It’s perfectly okay and, in fact, advisable, to begin by disclosing that you’ve never been great at apologizing, but that you sincerely want to be given the chance to try, to ask for forgiveness, be given a chance to attempt to set things right and mend your relationship.
It’s also okay to begin with your realization that you have committed a repeat offense, as long as the resulting apology and your attempts at change are sincere – and sincerely expressed. That means you must pay careful attention to your tone of voice! Any tone that smacks of sarcasm or attempts at humor will absolutely backfire.
What else NOT to do
An apology is not the time to attempt to explain why you did whatever it was that you did – that will almost always be heard as an attempt to excuse your action rather than apologize for it. Don’t be surprised if their reaction to that approach is an increase of whatever you hoped would settle down.
At another time, on another day, you can ask if you can attempt to explain what you were thinking, but don’t mingle it with your apology and expect it to be effective.
If the person to whom you are apologizing is not yet ready to hear “your side of things,” let it go for now – unless you want to start an argument guaranteed to cause additional hurt feelings or relationship damage. Take it as your cue to repeat your most sincere version of, “I’m really sorry, I hope you will be able to forgive me.”
Depending on the severity of what you did, or how often you have repeated even what you consider a trivial behavioral oops, be prepared to “grovel.”
If you truly hope to be forgiven you may have to apologize quite a few times before they are interested in hearing what else you have to say about why you did it, why it continues to occur – or what they might change to make it less likely to occur in the future.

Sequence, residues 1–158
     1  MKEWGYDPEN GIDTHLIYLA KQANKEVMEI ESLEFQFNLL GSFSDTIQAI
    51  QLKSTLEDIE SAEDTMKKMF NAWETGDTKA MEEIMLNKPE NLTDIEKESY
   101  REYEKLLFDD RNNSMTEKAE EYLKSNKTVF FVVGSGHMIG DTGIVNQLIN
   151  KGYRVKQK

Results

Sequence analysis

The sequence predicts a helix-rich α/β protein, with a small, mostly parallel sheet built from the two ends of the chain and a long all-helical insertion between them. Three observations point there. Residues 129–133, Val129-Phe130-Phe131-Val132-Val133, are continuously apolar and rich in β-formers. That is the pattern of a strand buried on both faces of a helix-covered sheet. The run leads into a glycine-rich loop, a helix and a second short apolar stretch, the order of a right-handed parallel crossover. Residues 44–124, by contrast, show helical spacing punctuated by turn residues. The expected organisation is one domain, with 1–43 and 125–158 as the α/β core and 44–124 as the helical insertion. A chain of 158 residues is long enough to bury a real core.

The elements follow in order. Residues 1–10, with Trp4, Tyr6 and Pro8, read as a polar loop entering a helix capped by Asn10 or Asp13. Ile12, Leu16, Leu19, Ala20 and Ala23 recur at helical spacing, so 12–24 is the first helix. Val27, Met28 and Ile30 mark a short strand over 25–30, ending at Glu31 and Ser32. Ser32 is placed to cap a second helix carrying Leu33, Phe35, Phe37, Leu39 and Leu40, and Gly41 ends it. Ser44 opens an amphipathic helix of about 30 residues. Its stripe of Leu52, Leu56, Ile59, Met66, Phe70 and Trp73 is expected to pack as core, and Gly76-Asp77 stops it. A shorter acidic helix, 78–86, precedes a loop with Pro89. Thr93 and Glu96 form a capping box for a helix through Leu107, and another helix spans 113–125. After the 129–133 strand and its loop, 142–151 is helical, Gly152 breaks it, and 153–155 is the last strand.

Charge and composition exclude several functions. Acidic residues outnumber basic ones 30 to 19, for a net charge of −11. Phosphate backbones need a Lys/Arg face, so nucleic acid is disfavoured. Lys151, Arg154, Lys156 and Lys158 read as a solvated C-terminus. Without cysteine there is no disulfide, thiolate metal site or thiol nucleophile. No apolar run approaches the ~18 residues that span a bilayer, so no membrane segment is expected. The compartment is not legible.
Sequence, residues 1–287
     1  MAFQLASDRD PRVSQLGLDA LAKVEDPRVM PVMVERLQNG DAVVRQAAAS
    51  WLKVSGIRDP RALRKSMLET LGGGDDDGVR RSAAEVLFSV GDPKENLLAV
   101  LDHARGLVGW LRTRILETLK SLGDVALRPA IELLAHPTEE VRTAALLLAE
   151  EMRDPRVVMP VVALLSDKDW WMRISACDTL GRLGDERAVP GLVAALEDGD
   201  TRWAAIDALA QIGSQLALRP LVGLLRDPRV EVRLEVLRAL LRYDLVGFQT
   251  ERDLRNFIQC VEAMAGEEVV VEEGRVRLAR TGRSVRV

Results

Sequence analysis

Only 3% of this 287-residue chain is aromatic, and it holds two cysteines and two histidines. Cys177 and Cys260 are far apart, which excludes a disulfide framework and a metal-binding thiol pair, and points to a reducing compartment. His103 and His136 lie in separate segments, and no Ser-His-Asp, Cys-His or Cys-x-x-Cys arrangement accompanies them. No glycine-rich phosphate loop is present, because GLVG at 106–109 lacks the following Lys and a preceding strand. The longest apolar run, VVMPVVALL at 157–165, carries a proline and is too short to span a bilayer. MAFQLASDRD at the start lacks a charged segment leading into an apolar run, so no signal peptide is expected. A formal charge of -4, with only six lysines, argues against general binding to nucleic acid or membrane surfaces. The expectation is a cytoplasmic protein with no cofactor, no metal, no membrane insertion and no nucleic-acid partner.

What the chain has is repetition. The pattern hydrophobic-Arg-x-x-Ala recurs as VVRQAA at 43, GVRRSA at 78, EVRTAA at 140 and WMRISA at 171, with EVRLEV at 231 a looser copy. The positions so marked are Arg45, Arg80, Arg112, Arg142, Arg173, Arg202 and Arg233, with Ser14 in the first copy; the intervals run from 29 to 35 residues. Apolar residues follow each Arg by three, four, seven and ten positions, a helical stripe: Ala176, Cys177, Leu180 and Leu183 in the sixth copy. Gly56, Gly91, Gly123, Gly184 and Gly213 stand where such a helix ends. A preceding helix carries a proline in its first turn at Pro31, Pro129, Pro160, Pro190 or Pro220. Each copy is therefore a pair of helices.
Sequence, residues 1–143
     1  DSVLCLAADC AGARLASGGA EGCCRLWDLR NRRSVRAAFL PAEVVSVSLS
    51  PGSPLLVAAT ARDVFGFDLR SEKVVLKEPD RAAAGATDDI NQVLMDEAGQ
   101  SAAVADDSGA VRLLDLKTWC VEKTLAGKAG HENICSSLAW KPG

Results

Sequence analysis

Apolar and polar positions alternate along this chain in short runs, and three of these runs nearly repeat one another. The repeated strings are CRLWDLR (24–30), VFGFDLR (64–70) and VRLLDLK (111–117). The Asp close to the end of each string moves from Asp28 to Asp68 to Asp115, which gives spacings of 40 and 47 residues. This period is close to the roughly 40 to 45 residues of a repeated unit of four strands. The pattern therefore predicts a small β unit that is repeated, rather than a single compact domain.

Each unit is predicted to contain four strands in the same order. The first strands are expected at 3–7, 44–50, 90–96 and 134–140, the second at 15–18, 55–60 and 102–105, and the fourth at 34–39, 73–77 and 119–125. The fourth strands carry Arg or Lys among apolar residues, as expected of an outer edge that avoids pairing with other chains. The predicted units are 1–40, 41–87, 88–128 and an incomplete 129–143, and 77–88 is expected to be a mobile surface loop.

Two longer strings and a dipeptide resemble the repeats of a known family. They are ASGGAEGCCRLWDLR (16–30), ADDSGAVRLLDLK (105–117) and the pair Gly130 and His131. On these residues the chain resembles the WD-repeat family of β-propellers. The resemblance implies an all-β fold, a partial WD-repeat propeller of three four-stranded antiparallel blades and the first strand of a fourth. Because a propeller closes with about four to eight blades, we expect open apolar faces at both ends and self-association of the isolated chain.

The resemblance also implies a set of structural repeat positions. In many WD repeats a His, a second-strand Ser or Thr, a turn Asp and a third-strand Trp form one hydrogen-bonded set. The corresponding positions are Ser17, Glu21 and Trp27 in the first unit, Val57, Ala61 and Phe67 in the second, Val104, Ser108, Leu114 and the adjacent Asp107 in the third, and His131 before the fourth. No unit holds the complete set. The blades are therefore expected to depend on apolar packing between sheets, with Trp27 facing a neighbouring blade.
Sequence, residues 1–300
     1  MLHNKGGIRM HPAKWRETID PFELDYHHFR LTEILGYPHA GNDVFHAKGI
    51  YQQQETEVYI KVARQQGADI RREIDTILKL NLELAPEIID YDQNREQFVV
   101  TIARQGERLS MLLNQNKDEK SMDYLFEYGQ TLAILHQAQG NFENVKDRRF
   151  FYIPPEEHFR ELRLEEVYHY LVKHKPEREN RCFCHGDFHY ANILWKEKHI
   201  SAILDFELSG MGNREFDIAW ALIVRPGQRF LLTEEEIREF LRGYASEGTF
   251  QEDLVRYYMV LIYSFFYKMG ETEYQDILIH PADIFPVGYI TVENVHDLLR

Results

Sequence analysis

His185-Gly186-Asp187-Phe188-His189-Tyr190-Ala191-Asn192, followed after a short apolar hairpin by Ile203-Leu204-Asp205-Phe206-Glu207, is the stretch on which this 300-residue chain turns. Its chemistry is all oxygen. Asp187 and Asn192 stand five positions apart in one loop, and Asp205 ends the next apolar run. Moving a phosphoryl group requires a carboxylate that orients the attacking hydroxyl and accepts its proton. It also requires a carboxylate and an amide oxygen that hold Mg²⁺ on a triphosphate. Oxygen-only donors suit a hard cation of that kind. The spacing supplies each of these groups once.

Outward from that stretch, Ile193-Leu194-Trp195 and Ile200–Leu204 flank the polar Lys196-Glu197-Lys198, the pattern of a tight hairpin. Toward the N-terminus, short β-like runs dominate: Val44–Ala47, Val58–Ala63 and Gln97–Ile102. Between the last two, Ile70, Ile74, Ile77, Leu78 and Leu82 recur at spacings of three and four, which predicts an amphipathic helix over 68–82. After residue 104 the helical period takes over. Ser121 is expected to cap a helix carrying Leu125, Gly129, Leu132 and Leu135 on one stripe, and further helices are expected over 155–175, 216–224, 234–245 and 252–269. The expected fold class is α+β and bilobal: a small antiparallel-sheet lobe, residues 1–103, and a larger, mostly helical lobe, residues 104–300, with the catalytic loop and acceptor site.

An apology is also not the time to lead with their emotional reaction to whatever it was that you did. “I’m sorry you’re hurt (or angry)” isn’t an apology for your action. It’s also no good to avoid specifics in a introductory comment like, “I’m sorry I made you angry” or “I’m sorry I hurt your feelings.” The person on the receiving end is more likely to shut you down and stop listening if that’s how you begin.
You need to validate their right to their reaction to the specifics of what you did.
- How can you expect to convince them that whatever won’t continue indefinitely if you can’t even detail the action that deserves an apology?
- How can you expect them to believe that you are truly sorry for your actions if the first thing you mention seems to say that you regret your exposure to their emotional state?
Be prepared for some additional negative reaction before they are ready to let it go.
An apology isn’t a get-out-of-jail-free card. Saying you’re sorry doesn’t change what happened.
If you are unable to “replace the plate,” at least extend the courtesy of allowing them to mourn its loss!
WHATEVER you do, do NOT attempt to characterize their emotional reaction — leading up to what you did OR following it — as inappropriate in any manner. You don’t get a vote where their emotions are concerned.
Words like childish, temper-tantrum, and over-reacting can leave lasting wounds and delay or prevent relationship repair – unless you are using them to describe your own behavior, not theirs.
Give up tit-for-tat
If you’d rather be happy than right, you need to think about taking responsibility for your own actions as a solo act. If you value the health of your relationship, when both of you are in the wrong you need to be willing to be the FIRST to apologize — and be willing to, at times, be the only one to apologize.
If you believe that you are due an apology, be direct and ask for one humbly and outright – just not in the same conversation where you offer your own.
If the only reason you are apologizing is to garner an apology in return, you’re not really apologizing, you’re manipulating. Manipulation rarely works.
It might seem to work in the short-term, but it will ultimately backfire. Before long, it will undercut the value of any future attempts at sincere apologies, resulting in significant damage to the future of your relationship.